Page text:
Edited by Mike Losey, Sue Meisinger, and Dave Ulrich
2005, 400 pages, Hardcover
SHRMStore Item #: 61.15001
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LIFE AFTER OUTSOURCING:
LESSONS LEARNED AND THE ROLE
OF HUMAN RESOURCES AS A
STRATEGIC BUSINESS PARTNER
By Miram M. Graddick-Weir
Human resources outsourcing (HRO) is one of the fastest growing business process outsourcing segments. The growth rate between 1999 and 2004 was 32 percent, and the current market opportunity is over $60 billion -- with a 30 percent future growth rate (Dataquest, Inc.). Many companies are outsourcing discrete services such as benefits enrollment, or blended services (entire processes such as the employment process). A few are adopting the full HRO model which consists of outsourcing a broad range of HR functions. The reasons for outsourcing are well documented; organizations hope to achieve significant cost savings, greater efficiency, increased value creation, and better leverage of capital investments in HR systems; create career opportunities for HR employees; and enable HR to focus on more strategic activities.
The AT&T Experience
AT&T negotiated a seven-year outsourcing engagement across a broad range of HR functions in 2002. Strategy and policy for all HR functions, the HR partner role, and functions that are deemed strategic were not a part of the outsourcing deal. Thus far, we have achieved the cost reduction targets, maintained service levels, and jointly managed several successful large-scale projects (e.g., the rollout of a new market-based compensation system); meanwhile, customer satisfaction results continue to improve. In this chapter—with two years’ experience behind us and collaboration with other firms who have outsourced significant functions -- we describe the lessons learned on this journey. The purpose is to summarize the key lessons learned from the outsourcing experience and to discuss the new strategic role for HR in today’s competitive and rapidly challenging business environment.
What We Have Learned
Although we have learned much about outsourcing, there continue to be more lessons to learn. The following section describes a few of our most significant discoveries.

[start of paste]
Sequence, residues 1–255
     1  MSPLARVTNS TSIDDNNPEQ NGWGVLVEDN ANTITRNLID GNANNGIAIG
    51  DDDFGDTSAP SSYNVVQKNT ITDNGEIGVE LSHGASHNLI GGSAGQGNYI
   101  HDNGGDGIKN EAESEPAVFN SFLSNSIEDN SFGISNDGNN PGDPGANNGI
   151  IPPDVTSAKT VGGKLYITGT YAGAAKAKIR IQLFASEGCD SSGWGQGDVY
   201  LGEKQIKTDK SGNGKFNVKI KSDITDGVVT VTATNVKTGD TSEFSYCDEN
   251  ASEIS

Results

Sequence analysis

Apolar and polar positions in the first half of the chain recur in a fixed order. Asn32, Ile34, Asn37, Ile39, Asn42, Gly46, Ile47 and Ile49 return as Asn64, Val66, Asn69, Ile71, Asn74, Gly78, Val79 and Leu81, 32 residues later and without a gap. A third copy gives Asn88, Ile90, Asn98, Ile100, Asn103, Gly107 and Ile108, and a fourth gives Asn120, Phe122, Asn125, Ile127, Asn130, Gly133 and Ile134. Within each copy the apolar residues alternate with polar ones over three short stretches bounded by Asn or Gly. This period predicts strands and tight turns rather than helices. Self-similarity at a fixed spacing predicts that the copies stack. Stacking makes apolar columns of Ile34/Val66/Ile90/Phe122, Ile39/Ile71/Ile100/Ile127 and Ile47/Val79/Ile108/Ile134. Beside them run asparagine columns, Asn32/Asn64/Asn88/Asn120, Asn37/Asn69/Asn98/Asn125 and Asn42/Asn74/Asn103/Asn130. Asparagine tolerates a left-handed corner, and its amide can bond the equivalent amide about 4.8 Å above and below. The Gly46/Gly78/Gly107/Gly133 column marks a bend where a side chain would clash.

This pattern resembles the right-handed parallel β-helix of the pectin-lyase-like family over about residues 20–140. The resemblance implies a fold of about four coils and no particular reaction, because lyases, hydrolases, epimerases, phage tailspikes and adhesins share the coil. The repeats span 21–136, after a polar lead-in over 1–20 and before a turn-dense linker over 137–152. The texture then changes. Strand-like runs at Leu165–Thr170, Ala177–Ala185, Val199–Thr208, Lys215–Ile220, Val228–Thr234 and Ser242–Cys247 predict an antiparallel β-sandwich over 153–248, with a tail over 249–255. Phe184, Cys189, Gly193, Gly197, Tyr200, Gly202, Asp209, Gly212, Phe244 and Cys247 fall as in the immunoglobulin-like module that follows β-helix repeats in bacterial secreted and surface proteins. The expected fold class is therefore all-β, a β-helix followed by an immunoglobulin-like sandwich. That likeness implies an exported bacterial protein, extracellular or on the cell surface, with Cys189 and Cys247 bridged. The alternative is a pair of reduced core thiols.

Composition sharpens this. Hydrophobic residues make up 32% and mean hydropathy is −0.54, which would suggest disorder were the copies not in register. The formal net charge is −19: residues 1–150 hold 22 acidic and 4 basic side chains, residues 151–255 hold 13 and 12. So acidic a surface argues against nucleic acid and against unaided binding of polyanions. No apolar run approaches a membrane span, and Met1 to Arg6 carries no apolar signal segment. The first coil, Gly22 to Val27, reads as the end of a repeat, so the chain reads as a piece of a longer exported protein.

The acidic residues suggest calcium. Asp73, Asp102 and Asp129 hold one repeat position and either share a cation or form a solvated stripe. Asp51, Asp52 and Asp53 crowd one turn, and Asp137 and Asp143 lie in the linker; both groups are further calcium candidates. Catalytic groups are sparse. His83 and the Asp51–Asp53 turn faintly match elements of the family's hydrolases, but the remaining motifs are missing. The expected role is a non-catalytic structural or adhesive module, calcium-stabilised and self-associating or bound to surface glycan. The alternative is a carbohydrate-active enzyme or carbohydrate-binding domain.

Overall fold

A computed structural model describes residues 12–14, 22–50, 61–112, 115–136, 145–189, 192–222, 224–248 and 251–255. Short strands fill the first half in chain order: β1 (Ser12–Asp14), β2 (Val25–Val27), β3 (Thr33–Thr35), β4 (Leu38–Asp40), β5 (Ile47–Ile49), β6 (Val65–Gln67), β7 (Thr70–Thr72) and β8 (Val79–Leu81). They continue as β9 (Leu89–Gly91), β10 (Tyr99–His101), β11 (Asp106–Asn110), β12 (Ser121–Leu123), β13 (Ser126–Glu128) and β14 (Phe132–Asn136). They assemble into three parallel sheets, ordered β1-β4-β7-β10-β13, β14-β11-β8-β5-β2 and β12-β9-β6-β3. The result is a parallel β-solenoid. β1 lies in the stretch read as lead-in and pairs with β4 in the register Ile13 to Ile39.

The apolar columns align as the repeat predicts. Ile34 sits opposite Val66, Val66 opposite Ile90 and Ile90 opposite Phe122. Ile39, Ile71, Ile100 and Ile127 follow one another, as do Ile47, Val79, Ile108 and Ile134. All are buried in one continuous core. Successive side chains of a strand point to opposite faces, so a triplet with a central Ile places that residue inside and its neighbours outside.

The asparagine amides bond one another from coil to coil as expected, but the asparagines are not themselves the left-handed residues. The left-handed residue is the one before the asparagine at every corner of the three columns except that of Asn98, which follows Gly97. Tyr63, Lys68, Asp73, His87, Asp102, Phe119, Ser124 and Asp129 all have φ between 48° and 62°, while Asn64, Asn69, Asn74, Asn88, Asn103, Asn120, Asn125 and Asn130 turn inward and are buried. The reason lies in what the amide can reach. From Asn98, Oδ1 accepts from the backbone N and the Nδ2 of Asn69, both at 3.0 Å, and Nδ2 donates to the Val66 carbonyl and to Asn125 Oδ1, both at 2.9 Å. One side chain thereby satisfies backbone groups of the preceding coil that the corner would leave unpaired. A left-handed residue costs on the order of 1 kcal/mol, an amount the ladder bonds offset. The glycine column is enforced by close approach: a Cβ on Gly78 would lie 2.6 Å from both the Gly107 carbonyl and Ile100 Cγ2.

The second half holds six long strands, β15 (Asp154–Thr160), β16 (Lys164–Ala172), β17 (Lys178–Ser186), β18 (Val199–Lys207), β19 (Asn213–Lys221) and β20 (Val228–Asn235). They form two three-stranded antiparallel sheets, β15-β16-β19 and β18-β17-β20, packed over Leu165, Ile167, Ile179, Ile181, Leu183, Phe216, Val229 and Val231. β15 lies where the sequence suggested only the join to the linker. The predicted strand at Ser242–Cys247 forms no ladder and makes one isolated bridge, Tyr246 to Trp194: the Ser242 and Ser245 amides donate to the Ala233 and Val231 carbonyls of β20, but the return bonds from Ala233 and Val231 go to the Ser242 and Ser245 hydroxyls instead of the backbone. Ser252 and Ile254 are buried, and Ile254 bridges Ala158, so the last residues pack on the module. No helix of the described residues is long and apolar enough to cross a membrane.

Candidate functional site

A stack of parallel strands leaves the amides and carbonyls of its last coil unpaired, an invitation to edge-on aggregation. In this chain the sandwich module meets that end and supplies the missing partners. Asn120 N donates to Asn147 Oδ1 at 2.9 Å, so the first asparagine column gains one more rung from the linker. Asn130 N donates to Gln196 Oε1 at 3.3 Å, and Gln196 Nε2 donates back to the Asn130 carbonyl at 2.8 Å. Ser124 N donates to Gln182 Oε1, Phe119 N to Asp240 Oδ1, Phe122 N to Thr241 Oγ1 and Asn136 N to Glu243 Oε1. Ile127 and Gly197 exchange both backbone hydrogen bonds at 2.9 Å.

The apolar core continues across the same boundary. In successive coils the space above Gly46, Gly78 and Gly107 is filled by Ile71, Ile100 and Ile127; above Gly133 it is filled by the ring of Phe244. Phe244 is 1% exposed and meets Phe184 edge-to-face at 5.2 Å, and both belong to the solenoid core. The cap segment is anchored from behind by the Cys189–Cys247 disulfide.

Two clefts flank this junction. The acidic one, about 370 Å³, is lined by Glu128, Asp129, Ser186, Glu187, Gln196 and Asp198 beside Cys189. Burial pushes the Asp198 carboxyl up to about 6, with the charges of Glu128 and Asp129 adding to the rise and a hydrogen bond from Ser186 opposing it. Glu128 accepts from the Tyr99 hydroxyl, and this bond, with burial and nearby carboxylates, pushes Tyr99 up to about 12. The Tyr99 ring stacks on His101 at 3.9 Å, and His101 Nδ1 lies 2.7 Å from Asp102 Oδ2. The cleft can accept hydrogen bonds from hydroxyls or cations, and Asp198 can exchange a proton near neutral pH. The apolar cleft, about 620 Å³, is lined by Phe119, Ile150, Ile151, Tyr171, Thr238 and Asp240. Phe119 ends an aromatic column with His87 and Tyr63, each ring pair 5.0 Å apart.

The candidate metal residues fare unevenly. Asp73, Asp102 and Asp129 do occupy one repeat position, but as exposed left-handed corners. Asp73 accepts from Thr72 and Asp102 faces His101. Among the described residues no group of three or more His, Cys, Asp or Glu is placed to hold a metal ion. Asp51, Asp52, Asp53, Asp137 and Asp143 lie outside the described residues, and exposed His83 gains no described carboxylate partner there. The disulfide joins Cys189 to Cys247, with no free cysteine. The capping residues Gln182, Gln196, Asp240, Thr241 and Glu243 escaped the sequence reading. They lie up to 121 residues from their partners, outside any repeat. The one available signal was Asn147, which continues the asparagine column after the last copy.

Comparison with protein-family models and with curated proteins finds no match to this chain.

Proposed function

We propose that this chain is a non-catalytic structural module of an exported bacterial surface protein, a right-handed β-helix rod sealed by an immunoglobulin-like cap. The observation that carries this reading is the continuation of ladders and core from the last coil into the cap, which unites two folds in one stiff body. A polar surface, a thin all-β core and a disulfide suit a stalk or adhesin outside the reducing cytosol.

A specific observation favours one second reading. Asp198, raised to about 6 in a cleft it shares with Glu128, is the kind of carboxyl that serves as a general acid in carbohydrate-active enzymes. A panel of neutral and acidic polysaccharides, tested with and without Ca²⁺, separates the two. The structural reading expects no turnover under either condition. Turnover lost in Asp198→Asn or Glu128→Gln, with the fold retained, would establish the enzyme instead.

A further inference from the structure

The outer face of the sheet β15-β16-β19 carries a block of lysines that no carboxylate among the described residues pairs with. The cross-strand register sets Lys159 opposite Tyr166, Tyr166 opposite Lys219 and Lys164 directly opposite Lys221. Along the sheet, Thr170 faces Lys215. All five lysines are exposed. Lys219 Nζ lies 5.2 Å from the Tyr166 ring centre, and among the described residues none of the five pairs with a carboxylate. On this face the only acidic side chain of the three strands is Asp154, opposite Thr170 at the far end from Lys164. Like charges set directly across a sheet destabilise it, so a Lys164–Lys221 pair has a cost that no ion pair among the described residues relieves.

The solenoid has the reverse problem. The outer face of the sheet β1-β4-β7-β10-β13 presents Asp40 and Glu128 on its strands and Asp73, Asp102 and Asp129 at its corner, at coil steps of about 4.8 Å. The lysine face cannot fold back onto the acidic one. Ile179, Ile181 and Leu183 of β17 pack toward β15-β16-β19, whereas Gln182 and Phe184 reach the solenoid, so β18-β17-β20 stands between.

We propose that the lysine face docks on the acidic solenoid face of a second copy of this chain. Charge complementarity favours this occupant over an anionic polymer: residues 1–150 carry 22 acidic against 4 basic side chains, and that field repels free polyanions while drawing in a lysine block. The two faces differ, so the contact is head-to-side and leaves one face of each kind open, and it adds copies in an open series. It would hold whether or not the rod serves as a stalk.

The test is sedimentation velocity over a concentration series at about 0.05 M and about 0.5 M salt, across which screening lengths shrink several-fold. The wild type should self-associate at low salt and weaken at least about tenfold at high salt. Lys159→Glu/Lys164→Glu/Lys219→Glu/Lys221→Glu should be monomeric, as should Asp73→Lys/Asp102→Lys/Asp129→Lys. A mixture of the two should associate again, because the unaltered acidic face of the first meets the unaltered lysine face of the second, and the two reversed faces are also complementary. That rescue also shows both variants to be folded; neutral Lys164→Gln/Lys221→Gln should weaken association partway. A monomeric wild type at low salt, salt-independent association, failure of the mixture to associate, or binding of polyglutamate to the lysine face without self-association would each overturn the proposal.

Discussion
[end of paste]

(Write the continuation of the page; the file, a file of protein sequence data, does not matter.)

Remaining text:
1. Operational Excellence in Employee Transactions
Transaction processing related to employees is critical to any organization. Line managers are basically agnostic to where these services are performed as long as they are accurate and user-friendly. In negotiating any outsourcing deal, HR must never forget that it is ultimately accountable for the quality, accuracy, and speed of employee-related services. If these services are not done correctly, HR will not become a value-added strategic partner. While obtaining significant cost reductions is important to any deal, it is equally important to select a partner with whom you have the greatest alignment around maintaining operational excellence both during and after the transition.
2. Relationships Matter
Many of us have learned that it is impossible to get all the terms and conditions right when you first close the deal. Therefore, you need people on both sides who value the partnership and who are fully committed to its ongoing success. When aspects of the contract need to be revisited, each party must be willing to offer creative, win-win solutions to resolve issues. Individuals who harbor ill feelings about the deal, or who never wanted it to happen in the first place, should not be assigned to manage the ongoing relationship. Select a partner who does not view the engagement simply as a legal and contractual relationship, but who values the partnership and is always committed to honoring the spirit of the deal.
3. Moving People into the Deal Has Advantages and Inherent Risks
Moving skilled people into the deal can enhance your ability to have a seamless transition during the cutover, which is key to making it transparent to line managers. Initial troubleshooting, communication, and understanding of the business are greatly improved. Also, if the outsourcer successfully grows its outsourcing business, people have greater career opportunities to develop their skills by transitioning to other projects over time. The inherent risk of moving the people with the deal is that you do not always get a fresh perspective when evaluating potential process improvements. It is crucial to jointly consider how functions are staffed to ensure an infusion of breakthrough ideas and not just incremental improvements.
4. Contract Management Is Key to Controlling
Ongoing Costs and Managing the Overall Relationship It is important to manage ongoing costs, ensure service levels are met, and have a single place where issues and problems can be escalated and resolved quickly. It is critical to set up a strong governance model and contract management team within HR. This team should ensure that any new requests are appropriate for inclusion, monitor compliance with the terms and conditions of the deal (including service levels), and serve as a point of escalation. We have been extremely disciplined about filtering any new work through this organization to ensure costs do not creep up and mitigate the initial savings. The size of this group depends on the deal; however, it must be adequately sized at the beginning of the transaction to handle the workload. The group can always be adjusted downward over time.
We have summarized the three keys to success as follows:
1. Tenets: Both sides must have a common vision, guiding principles that define the spirit of the deal, cultural compatibility, and trust.
2. Teamwork: Strong partnering and collaboration are essential at many levels.
3. Tenacity: It is necessary to overcome the many obstacles that surface along the way and to navigate through change, complexity, and uncertainty.
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